Fact Check: Debunking Several Claims by Diamond and Silk
Voting was never stopped, vote-counting didn’t come “to a screeching halt,” and data irregularities in unofficial vote reporting do not prove discrepancies in the actual vote.
On Saturday, President Donald Trump and his campaign tweeted a video of Diamond and Silk—the former Fox News personalities who were fired for spreading coronavirus conspiracy theories—expounding on voter and election fraud.
In the video, Rochelle Richardson, or Silk, asked: “What was the legal reason for stopping the voting on election night? You know that everything all of a sudden came to a screeching halt. … And then how did everybody decide to stop all at the same time?”
There was no “stopping the voting” on Election Day. Several states paused vote counting late at night, hardly an unusual move considering the human need for sleep, but there have been no credible reports of voters being turned away at the polls before they closed. And how did everybody decide to stop all at the same time? They didn’t. Several examples from battleground states: Butler County, Pennsylvania, stopped their count at 11 p.m. because of a scanner breakdown. Fulton County, Georgia, stopped scanning absentee ballots at 10:30 p.m. Ballot counting did not stop at all in Wisconsin—where state law mandates no interruption can occur—or in Philadelphia, where officials announced they would stop issuing results at 9:30 p.m. but continued counting ballots. North Carolina stopped counting votes on Election Night for a very simple reason: They ran out of ballots to count.
Silk also alleged that “in Pennsylvania on November 3 at 11:08 p.m., President Trump all of a sudden lost 17,877 votes. It was removed from his count, while at the same time Biden gained 17,930 votes.” Silk explained the basis for making this claim was “time stamp entries from the New York Times.” This particular claim seems to have originated on the discussion board website thedonald.win, which featured a post on November 10 titled “I FOUND EVIDENCE OF THE PENNSYLVANIA GLITCH.” The post claimed that in one vote update on the New York Times website, 54 votes were added but "the ratio changed in Biden's favor by a whole 0.6%" effectively adding 17,930 for Biden and removing 17,877 votes for Trump. The evidence for this claim is a snippet of code taken from the New York Times’ Pennsylvania election results webpage:
The difference in the vote toal at the 4:08 timestamp versus the 4:07 timestamp is 54 votes, yet the increase in the share of votes for Trump and Biden switched from 0.566 and 0.42 respectively to 0.56 and 0.426 respectively. Mick West wrote a breakdown of this data irregularity for his website Metabunk, pointing out a number of instances in the data in which Trump gained votes and Biden lost votes. West posited that these changes, along with the ones noted in the post on thedonald.win, are corrections to errant data, noting that the most fluctuation occurred in the early stages of vote reporting.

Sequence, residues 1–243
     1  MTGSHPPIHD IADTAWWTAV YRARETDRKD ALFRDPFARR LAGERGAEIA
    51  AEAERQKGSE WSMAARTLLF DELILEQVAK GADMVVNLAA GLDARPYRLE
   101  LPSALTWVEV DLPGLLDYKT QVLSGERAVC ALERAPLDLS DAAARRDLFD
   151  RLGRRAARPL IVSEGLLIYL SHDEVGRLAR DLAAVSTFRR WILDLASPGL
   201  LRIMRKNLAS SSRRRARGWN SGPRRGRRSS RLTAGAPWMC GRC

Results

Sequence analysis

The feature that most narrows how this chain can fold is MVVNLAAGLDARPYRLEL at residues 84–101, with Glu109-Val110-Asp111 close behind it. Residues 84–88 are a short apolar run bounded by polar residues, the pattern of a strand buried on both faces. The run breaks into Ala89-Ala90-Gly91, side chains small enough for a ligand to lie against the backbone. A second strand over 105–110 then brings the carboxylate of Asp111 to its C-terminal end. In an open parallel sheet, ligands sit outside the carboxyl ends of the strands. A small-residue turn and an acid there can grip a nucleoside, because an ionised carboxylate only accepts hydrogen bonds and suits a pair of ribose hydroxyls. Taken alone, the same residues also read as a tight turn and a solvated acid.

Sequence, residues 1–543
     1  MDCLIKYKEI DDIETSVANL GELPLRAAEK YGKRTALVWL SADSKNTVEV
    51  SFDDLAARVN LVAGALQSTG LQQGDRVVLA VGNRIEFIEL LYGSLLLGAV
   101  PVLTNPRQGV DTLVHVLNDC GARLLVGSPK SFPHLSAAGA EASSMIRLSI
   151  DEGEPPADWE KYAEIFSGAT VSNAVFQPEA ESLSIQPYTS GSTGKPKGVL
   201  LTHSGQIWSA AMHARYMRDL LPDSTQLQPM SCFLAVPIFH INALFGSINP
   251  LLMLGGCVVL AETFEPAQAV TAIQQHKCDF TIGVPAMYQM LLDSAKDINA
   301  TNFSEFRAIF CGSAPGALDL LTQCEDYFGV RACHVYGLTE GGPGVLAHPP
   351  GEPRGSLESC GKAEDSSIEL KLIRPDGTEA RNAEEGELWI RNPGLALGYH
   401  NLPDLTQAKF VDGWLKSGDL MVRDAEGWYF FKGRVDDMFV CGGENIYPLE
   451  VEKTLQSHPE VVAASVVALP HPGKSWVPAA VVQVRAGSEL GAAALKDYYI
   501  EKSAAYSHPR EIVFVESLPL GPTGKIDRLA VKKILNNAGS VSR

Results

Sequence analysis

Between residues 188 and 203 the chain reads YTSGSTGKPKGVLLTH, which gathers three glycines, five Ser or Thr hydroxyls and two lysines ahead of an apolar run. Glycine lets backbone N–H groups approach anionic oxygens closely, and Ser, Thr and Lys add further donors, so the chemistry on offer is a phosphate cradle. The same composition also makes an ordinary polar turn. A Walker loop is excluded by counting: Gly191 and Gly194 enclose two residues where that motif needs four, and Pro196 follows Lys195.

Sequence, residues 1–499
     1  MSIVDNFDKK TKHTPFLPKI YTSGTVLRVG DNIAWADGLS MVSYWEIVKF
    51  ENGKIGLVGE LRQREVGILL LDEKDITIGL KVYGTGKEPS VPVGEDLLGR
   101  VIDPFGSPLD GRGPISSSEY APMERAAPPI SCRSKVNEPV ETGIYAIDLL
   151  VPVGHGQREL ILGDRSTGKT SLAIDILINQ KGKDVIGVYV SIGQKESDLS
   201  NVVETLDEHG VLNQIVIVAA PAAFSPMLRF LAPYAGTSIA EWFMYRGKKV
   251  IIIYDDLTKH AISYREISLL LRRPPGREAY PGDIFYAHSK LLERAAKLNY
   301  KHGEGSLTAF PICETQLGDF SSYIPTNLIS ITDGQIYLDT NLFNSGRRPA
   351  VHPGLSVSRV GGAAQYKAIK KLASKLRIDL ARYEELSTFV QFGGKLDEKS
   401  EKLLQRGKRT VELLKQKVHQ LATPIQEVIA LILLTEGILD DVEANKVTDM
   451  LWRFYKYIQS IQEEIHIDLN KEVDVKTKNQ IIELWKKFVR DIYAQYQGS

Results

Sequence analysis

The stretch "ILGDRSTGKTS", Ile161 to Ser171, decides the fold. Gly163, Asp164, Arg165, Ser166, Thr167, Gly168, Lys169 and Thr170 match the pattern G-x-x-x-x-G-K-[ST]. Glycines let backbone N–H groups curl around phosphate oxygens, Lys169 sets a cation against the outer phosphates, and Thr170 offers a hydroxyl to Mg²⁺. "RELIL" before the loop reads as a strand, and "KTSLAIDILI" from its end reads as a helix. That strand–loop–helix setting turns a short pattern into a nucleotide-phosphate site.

It is also important to bear in mind that data irregularities in the unofficial vote reporting done by media outlets on Election Night do not prove discrepancies in the vote: Anomalies like the number of votes not matching up to the percentage earned by candidates would be picked up when the vote was certified during the county canvas.
The New York Times Vice-President for Communications Danielle Rhoades Ha told The Dispatch Fact Check that, “Sometimes over the course of reporting results officials or results providers make mistakes, such as mixing up two numbers, and they correct those mistakes as they verify the data. These changes are common in the difficult task of reporting millions of votes across thousands of races, and are not at all unusual.”
She explained that this error error was corrected within the hour: “At 11:08 p.m, Biden and Trump’s totals were flipped in Armstrong county in Pennsylvania. ... This mistake was corrected about an hour later. At 11:08 p.m. Trump’s total declined by 19,958 votes. At 12:22 a.m., Biden’s total declined by 19,958 votes. Reporting one without the other is not accurate.”
The code from 12:22 a.m. shows a far bigger shift in the vote share than had occurred in the vote updates immediately preceding it, and this shift benefitted Trump:
Despite repeated accusations by President Trump and prominent supporters, no widespread voter fraud has been uncovered.
Editor’s note: After we published this fact check, the New York Times responded to our request for comment. The piece has been updated to include its statment.
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